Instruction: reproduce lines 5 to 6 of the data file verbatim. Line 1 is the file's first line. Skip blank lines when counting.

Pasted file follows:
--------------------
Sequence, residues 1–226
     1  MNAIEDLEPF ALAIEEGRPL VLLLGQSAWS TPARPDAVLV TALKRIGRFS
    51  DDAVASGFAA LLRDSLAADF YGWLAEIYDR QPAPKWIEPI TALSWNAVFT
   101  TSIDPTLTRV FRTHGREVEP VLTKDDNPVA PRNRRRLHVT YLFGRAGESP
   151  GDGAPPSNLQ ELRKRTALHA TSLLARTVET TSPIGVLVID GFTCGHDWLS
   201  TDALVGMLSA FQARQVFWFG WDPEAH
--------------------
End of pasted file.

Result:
   151  GDGAPPSNLQ ELRKRTALHA TSLLARTVET TSPIGVLVID GFTCGHDWLS
   201  TDALVGMLSA FQARQVFWFG WDPEAH